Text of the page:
The first step of our completely bonkers European Honeymoon was Munich, Germany. I was a bit concerned about weather, as we were traveling in early February, and Europe had been seeing some heavy rains and flooding. However, dropping into Germany, we found a few snow-topped roofs and gray skies, but otherwise, no problems. It was chilly, but no more than it had been back in D.C.
From the airport, we had no trouble taking the train to our hotel, in spite of neither of us speaking or reading a bit of German. We dropped our stuff off at the hotel and hopped a train down to Marienplatz, the historic town center. There we met a friend who was living in the city for a time, and had a nice meal at the Ratskeller. That’s where I found out there is a beer I like, a freshly pulled radler. The place is apparently somewhat touristy, but then, so is all of the Marienplatz. The food was good and the prices weren’t ridiculous, so whatever.
On the following day, we hopped on a tour bus and headed into the countryside to visit some castles. The Gray Line SIGHTseeing bus took us to see Linderhof and Neuschwanstein Castles, and visited the quaint (and touristy) town of Oberammergau. Linderhof was inspired (copied) from Versailles. Neuschwanstein serves as the inspiration for the Disney Castle, and was itself something of a fairy tale construction, inspired by myths and legends. Oberammergau is cute, with painted buildings and a huge Passion celebration every few years. The real star of the day for me was the Alps. I can talk until I’m blue in the face. I can post pictures. But I can not express to you what standing in front of the Alps was like. I understood on that day how legends had been born and stories crafted. Awe, genuine awe is what I felt. The closest thing I’ve ever come to it before was when I was a young man and began to truly contemplate and meditate on the vastness of the universe and our small place in it.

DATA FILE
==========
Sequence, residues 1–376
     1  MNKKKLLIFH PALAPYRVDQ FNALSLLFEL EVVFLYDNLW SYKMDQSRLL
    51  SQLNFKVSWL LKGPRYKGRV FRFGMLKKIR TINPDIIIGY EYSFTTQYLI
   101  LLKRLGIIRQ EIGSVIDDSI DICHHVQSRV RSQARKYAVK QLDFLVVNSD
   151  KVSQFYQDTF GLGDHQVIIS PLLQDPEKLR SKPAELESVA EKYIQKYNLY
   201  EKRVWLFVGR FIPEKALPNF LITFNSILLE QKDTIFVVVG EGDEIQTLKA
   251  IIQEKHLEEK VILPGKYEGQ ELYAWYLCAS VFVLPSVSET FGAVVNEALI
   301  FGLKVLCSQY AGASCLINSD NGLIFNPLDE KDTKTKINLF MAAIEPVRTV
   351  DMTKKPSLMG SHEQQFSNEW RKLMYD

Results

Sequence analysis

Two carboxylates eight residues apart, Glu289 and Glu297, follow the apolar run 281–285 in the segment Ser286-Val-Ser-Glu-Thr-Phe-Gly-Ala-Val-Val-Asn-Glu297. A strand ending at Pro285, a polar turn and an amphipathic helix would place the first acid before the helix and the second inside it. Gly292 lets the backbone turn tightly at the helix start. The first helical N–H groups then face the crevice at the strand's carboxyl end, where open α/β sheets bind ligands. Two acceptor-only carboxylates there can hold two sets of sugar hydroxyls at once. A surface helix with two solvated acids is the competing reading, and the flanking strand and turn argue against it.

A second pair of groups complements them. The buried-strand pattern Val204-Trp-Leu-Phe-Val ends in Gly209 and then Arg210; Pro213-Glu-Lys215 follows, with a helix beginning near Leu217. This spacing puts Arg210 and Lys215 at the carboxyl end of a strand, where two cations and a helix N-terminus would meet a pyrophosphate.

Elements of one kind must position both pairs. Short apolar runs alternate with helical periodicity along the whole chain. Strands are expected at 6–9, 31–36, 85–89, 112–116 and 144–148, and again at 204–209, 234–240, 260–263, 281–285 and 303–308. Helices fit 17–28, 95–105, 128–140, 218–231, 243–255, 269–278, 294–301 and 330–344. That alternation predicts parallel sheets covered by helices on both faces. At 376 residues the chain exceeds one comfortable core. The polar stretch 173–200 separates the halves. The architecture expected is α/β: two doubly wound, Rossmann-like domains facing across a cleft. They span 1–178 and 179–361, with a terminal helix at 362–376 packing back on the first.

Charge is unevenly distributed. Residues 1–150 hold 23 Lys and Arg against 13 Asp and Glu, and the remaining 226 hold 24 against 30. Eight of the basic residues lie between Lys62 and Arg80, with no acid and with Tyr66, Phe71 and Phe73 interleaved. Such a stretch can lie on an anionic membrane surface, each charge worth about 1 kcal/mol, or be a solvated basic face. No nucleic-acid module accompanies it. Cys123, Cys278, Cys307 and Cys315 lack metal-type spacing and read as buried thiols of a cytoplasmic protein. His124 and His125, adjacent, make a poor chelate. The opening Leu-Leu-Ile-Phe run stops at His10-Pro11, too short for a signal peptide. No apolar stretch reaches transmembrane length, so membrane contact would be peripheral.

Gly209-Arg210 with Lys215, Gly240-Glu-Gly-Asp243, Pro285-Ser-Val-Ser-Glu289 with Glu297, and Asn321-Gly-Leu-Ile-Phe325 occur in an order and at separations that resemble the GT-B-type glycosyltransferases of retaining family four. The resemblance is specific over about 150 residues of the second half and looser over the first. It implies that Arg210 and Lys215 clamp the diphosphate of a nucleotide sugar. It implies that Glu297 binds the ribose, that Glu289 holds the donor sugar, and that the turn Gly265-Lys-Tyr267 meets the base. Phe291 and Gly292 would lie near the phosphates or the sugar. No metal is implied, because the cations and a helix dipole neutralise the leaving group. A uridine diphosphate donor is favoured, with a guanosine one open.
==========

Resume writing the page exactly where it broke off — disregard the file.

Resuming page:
On the following day, we took a day-trip to Salzburg, Austria. I’ll have a separate post coming about Salzburg, but I want to mention that it was exceptionally easy to grab a train and take the about two hour trip into Austria. Returning that evening, we met up with our friend again and he took us to Atzinger, a beerhall closer to the university, with a much more laid back, less touristy vibe. The food was great. It served as a reminder that Germans love dogs as much as I do, and they don’t have a lot of rules about not bringing them places.
On our fourth and final day, we spent time traveling about Munich. We started with some breakfast at Cafe Luitpold, which was quite hoity-toity, but also quite good. It was right before Lent, so they were packed with treats. From there we visited the Munich Residenz, the childhood home of Ludwig. Then we went by the Neue Pinakothek museum, a modern art museum. And finally, we stopped in at the Hofbrauhaus, one of the most famous and oldest beer halls. I did, indeed, get a gigantic pretzel. Walking out onto the Marienplatz, we stumbled across one of the most magical things ever. Fasching, aka German Mardi Gras. There is nothing quite like Germans when they party. Very, very, very politely party. By the way, beers may seem expensive, but if you return the bottle, you get most of it back. Heading back to our hotel, we grabbed a final dinner at Zum Brunnstein, a very pleasant, neighborhood restaurant with traditional German food.
After that, we headed to the station for the night train to Venice. That’s a whole story of its own. Germany was a blast, and I’m definitely going to have to go back.